LAST UPDATED: 2 APRIL 2020 AT 23:30 PDT FACE SHIELDS DELIVERED: 474 PERSONAL PROTECTIVE EQUIPMENT DELIVERED TOTAL SHIPPED: 474 # Ship Date USER (Hospital) DESIGNER DESIGN FABRICATOR SUPPLY CHAIN MANAGER Total Quantity FUNDING SOURCE 9 4/2/2020 Bay Area TBD Design That Matters Face Shield – v3 You3Dit Inc TBD 2 David M. 10 4/2/2020 Bay Area TBD Design That Matters Face Shield – v3 You3Dit Inc TBD 3 You3Dit Inc 7 4/2/2020 Bay Area TBD Design That Matters Face Shield – v3 You3Dit Inc TBD 2 David M. 8 4/2/2020 Bay Area TBD Design That Matters Face Shield – v3 You3Dit Inc TBD 2 You3Dit Inc 4 4/2/2020 Bay Area TBD Design That Matters Face Shield – v3 You3Dit Inc TBD 10 Catherine E. 5 4/2/2020 Bay Area TBD Design That Matters Face Shield – v3 You3Dit Inc TBD 10 You3Dit Inc 3 4/1/2020 Bay Area TBD Design That Matters Face Shield – v3 You3Dit Inc TBD 25 Rebecca K.
Short answer…it’s probably not expensive relative to what you’re asking for. It’s that society programs us from birth to think plastics and other physical goods are “cheap” thanks to clever design for manufacturing at scale. Here’s why… We recognize that AM parts can be “expensive” relative to other plastic parts you might have seen available off the shelf. In this post, we’d like to walk you through one way of thinking about pricing on plastic part fabrication, both conventionally and with digital manufacturing. A common example we give is the “spork” offered at your favorite fast food restaurant. Fast-food restaurants can give these away for free because they make them in the 10M+ / yr and therefore their $500K mold that produces them can be amortized. It’s part of a pleasurable eating experience in the United States to have a fork + spoon combined. But to make just 1 (one) plastic spork with that manufacturing process (plastic injection molding) would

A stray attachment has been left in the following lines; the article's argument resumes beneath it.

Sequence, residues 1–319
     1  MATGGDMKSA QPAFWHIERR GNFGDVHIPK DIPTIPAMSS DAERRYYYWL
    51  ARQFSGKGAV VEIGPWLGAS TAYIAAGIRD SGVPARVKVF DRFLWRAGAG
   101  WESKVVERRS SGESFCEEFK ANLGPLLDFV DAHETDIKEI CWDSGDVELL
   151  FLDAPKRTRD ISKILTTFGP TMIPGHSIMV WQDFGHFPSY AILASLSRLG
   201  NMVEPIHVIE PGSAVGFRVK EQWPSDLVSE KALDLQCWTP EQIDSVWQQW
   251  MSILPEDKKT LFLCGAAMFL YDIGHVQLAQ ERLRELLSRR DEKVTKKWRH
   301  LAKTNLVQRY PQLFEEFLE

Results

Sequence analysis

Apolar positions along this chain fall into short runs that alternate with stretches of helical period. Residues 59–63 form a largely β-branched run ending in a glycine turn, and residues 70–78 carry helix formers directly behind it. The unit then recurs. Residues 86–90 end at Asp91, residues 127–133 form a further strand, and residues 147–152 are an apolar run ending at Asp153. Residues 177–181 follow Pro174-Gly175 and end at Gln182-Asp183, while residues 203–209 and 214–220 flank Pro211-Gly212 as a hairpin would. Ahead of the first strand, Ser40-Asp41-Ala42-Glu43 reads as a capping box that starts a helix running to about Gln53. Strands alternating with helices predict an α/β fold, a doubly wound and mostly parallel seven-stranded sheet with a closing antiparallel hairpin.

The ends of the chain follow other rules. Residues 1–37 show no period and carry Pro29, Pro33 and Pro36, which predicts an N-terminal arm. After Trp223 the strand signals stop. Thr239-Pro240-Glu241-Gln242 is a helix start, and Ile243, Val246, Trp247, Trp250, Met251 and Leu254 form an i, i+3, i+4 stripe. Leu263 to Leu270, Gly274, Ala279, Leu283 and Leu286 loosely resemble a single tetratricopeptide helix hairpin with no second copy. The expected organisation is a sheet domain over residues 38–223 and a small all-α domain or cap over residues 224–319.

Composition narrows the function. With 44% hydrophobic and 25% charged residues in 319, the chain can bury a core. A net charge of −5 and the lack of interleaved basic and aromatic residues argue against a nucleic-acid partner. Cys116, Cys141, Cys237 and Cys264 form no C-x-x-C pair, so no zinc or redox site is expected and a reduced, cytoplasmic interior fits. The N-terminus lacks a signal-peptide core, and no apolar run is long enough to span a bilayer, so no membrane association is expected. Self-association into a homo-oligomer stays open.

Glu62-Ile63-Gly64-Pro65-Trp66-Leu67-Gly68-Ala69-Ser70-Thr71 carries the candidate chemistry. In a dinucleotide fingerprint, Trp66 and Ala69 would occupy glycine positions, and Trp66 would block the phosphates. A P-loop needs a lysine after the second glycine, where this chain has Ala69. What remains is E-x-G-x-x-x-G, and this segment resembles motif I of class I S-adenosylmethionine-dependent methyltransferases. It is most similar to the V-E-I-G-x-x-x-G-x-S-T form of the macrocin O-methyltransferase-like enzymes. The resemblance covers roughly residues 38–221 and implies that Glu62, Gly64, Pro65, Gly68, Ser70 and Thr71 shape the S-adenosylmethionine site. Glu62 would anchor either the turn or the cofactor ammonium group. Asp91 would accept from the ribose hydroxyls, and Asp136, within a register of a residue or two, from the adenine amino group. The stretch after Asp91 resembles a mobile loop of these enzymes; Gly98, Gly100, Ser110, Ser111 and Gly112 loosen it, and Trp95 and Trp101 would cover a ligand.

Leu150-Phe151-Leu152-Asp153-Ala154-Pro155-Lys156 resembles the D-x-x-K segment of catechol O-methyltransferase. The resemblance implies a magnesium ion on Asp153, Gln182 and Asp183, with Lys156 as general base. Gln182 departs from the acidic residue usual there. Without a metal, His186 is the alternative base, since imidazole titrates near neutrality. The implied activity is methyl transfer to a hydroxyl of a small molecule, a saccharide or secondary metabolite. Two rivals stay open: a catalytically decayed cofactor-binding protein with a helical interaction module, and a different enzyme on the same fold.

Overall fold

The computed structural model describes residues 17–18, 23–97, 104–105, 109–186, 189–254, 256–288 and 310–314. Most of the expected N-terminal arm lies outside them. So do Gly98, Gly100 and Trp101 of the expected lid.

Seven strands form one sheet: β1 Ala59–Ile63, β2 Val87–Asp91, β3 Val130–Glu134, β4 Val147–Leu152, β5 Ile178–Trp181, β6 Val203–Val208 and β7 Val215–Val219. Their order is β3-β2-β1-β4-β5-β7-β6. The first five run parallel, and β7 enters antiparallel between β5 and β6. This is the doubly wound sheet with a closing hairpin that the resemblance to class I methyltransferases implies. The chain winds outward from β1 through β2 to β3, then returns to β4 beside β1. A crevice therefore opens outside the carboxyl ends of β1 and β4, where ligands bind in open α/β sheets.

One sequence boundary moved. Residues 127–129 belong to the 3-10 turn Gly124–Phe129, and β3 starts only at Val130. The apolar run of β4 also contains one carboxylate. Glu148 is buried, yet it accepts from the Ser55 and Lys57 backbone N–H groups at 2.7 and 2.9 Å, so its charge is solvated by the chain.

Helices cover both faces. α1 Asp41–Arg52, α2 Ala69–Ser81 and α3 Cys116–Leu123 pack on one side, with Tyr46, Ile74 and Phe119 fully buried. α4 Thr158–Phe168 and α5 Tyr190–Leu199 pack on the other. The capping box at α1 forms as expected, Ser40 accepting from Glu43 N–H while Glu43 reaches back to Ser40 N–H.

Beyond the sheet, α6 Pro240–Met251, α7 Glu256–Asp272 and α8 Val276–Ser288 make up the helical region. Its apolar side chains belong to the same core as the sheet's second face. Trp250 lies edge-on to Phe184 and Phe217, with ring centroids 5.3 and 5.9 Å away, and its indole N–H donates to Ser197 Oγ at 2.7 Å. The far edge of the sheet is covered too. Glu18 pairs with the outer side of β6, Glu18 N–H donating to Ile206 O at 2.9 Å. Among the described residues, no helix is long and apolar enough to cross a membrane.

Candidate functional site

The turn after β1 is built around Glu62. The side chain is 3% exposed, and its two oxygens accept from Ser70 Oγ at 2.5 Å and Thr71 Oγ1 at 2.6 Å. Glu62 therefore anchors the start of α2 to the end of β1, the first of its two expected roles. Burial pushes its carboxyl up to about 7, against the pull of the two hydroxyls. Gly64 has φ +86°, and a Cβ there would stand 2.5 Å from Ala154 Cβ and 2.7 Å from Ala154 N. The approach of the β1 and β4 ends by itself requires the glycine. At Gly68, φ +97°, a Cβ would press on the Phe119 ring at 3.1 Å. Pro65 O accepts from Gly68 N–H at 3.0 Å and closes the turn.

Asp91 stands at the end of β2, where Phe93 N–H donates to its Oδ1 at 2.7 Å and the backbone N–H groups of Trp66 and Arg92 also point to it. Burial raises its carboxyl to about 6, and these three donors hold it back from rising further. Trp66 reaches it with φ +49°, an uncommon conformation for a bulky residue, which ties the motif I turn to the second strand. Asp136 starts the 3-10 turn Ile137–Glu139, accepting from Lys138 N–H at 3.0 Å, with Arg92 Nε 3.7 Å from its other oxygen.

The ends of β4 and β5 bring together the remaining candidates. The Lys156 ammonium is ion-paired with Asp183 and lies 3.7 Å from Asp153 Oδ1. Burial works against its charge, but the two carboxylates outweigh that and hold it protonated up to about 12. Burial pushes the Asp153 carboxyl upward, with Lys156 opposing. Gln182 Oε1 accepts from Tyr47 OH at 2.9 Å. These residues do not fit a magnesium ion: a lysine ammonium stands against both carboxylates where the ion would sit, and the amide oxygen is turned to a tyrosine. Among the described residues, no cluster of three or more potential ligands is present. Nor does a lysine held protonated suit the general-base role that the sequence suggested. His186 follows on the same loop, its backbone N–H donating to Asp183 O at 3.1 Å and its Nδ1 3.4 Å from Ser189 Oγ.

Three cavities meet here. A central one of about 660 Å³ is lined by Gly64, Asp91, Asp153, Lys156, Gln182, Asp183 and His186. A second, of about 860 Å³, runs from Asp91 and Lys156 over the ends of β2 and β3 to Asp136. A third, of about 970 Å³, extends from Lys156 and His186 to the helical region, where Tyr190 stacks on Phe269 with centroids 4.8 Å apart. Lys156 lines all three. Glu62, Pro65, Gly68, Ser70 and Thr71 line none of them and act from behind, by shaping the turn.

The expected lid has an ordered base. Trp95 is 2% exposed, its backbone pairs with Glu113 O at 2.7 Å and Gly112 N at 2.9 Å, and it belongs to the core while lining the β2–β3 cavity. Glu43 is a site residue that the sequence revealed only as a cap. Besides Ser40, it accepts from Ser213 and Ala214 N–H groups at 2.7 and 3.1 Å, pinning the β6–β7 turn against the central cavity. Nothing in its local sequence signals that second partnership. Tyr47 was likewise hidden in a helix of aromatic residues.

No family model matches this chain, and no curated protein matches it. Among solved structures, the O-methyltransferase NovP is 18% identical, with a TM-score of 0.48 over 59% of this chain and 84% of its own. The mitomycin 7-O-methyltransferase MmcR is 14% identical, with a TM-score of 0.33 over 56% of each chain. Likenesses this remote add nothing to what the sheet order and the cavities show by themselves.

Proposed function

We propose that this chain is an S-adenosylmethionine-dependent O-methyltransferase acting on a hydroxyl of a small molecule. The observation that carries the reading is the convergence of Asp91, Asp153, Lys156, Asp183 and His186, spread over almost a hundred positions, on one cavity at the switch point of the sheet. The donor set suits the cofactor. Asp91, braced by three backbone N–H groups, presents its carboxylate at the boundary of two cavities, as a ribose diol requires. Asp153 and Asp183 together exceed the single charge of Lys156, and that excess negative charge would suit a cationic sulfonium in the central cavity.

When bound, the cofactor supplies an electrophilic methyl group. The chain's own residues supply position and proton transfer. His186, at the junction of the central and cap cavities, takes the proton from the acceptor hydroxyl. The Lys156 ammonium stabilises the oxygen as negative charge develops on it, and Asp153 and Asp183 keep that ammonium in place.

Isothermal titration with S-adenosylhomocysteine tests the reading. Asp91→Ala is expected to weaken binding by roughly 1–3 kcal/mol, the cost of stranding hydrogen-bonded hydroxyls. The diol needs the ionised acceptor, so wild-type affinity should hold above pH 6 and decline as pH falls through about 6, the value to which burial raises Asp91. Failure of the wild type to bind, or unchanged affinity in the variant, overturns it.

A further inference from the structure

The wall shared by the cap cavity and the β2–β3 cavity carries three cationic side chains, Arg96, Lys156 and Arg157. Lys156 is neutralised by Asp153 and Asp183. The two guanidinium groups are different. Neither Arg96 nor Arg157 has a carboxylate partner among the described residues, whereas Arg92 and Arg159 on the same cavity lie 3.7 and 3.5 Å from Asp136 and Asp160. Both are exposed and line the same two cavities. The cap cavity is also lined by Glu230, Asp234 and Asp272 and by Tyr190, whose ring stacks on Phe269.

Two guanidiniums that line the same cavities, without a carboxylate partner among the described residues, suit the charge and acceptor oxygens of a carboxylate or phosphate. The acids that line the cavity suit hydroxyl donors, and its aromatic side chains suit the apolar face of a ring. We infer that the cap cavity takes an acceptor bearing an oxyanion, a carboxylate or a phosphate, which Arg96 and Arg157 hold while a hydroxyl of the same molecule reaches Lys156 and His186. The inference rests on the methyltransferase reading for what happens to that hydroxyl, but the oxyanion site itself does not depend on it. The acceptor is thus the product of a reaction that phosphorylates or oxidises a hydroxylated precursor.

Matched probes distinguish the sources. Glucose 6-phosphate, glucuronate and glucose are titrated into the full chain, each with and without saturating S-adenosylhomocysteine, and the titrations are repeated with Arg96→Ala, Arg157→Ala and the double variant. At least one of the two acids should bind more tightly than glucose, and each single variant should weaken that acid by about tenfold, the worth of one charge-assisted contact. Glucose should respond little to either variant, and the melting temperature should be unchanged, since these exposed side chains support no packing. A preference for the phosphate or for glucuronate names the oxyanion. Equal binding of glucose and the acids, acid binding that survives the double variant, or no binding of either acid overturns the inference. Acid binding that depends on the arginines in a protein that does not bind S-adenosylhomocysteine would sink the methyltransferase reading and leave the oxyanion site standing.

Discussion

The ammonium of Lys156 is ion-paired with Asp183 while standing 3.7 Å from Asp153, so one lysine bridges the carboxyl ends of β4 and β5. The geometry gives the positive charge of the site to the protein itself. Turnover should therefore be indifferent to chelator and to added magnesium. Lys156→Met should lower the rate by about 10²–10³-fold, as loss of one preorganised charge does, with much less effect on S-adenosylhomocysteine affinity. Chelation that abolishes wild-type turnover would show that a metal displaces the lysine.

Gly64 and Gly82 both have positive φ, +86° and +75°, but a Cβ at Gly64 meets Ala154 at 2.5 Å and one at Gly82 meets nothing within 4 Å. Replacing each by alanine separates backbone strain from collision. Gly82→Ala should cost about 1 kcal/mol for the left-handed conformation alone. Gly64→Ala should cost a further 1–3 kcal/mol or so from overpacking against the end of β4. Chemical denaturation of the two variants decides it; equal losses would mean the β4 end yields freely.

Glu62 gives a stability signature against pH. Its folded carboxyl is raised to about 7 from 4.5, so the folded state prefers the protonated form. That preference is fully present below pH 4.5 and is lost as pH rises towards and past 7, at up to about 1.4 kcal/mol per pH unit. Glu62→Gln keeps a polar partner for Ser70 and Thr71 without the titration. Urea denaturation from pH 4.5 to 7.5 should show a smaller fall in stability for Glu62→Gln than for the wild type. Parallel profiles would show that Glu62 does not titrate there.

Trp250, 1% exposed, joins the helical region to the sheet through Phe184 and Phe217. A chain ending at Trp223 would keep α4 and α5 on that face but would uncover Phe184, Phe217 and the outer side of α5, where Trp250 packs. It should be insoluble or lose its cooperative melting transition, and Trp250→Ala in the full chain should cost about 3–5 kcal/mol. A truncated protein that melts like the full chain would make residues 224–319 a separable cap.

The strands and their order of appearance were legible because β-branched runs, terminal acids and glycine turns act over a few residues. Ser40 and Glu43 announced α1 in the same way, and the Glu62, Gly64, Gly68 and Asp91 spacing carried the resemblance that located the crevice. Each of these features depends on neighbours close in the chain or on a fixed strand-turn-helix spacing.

We had a client ask where they could get quick turn, low-volume production for their innovative textile device. Reaching out to our You3Dit Network, we were able to quickly obtain the following Bay Area resources: Cosmo Design Lab – San Francisco, CA – this advanced prototyping lab seems to focus on textiles and production hardware manufacturing. Specifically mobile device accessories, peripherals and precision enclosures. Accessories for smart home assistants. Smart and active lifestyle wearables. Engineered small leather goods and luxury accessories. And lastly, Beauty and cosmetics accessories. Precision Technical Sewing – Mountain Ranch, CA – this supplier comes highly recommended by veterans in the hardware industry. Textiles have always been a bit outside of our wheelhouse at You3Dit (we specifically focus on mechanical design engineering and prototyping), but they have an “anything’s possible” attitude. “If you can visualize it, we can make it” which resonates with our capabilities and capacity here at You3Dit (at least leveraging our network). Pineapple Sails